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MartinWisse (2)

Minute 319

Last November, after five years of remarkable negotiations that unfolded far from the Delta, representatives from the U.S. and Mexico agreed to a complex, multi-part water deal that will give them desperately needed flexibility for weathering the drought. More surprisingly, the two nations will join the team of environmental organizations to release a flood of more than 105,000 acre-feet of water – 3.8 million big-rig tankers' worth – into the Delta's ancient floodplain, and chase it with a smaller, permanent annual flow to sustain the ecosystem.

It is the unlikeliest of times to pull off a deal like this. Rather than hoarding all the water for themselves in this drought –– the river supplies some 35 million people –– the West's largest water agencies have pledged to send some all the way to the sea. That move is, to some extent, a long-overdue acknowledgment that the U.S. bears responsibility for the impacts its dams have caused beyond its borders. And after years of fruitless court fights in the U.S. by environmental groups, the Mexican government finally insisted that water for the Delta be a cornerstone of the broader deal.
For High Country News, Matt Jenkins describes the most ambitious water sharing plan ever created between Mexico and the United States (single page print version). For much more about this project and the water issues surrounding it, there's Eli Rabett's roundup of John Fleck's blogposts about this. (Or read the tl;dr version by Alex Harrowell.)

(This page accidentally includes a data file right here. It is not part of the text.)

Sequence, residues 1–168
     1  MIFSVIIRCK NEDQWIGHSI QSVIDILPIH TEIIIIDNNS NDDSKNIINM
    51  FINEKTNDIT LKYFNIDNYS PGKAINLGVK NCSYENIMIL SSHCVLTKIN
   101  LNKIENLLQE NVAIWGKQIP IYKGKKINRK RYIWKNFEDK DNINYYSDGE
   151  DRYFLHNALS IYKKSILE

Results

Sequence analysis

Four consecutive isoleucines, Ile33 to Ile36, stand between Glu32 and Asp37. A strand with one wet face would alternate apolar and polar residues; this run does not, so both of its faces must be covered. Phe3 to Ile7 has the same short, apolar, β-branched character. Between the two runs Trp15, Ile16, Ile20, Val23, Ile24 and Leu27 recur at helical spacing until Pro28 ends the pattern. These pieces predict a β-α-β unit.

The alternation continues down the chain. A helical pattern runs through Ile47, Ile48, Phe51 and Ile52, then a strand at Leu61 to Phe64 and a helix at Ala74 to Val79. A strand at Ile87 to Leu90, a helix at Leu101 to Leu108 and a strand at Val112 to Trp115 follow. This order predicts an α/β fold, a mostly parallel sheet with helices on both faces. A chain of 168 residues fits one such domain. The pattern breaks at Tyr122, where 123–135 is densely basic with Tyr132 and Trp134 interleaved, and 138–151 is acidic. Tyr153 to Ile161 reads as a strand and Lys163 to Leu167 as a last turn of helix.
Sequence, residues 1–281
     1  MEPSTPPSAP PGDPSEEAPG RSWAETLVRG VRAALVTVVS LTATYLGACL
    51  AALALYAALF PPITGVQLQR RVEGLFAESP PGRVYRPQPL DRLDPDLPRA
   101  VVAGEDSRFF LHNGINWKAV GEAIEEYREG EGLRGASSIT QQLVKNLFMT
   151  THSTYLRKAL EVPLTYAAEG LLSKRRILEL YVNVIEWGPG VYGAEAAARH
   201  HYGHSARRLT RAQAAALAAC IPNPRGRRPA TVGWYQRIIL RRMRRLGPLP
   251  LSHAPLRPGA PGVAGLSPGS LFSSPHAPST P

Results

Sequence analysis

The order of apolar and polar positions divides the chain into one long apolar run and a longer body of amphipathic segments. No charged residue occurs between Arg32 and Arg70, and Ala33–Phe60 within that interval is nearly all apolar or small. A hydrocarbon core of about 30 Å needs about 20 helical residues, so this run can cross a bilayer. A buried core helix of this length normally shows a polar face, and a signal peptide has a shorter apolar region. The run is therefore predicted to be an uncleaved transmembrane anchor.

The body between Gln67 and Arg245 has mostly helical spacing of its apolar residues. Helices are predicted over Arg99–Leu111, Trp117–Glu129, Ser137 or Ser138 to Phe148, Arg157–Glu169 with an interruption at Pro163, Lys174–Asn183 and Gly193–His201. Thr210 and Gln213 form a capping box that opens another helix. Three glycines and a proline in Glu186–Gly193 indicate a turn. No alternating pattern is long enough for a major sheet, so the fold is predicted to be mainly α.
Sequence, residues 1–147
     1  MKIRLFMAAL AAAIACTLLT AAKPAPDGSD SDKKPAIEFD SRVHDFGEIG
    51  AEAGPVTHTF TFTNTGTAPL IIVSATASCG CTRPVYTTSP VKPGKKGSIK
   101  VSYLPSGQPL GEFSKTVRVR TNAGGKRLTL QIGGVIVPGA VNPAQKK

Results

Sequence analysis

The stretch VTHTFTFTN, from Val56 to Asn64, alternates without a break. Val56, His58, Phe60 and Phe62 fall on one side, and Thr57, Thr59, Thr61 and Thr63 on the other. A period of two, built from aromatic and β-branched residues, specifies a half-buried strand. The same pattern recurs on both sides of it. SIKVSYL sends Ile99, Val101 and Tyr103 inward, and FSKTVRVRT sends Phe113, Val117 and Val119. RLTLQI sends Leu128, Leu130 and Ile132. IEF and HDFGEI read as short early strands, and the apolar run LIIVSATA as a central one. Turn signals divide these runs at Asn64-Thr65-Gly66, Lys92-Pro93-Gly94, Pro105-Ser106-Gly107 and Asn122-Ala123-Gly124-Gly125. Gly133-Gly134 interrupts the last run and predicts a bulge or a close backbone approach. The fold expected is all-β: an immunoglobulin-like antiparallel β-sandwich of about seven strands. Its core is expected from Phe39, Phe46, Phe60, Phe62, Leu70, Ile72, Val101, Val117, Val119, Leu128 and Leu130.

posted by MartinWisse on May 10, 2014 - 9 comments

Going against the flow of history

As you know Bob, the Dutch have long known how to deal with the threat of flooding, living in a country that was largely conquered from the sea. Over the centuries the Netherlands has learned to put its trust in bigger and higher dykes, dams and various increasingly clever solutions to keep the sea where it's wanted and away from where it would be a nuisance. There's a new threat however, that can't be solved with higher dykes, a threat that needs to accomodated by doing something very un-Dutch: reflood parts of the Netherlands. [more inside]
posted by MartinWisse on Feb 24, 2013 - 31 comments

The Desert is alive

The Qanat; a water management system from C7th BC still in use today;is one of the wonders of the world, and keeps the desert alive. This fascinating 17 min video from UNESCO is a good introduction to the subject.
Cooling provided by Qanat’s is still in use in Yazd, Iran.
Modern warfare scores a gigantic fail in the battle for hearts and minds. (wiki)
posted by adamvasco on Feb 8, 2010 - 21 comments

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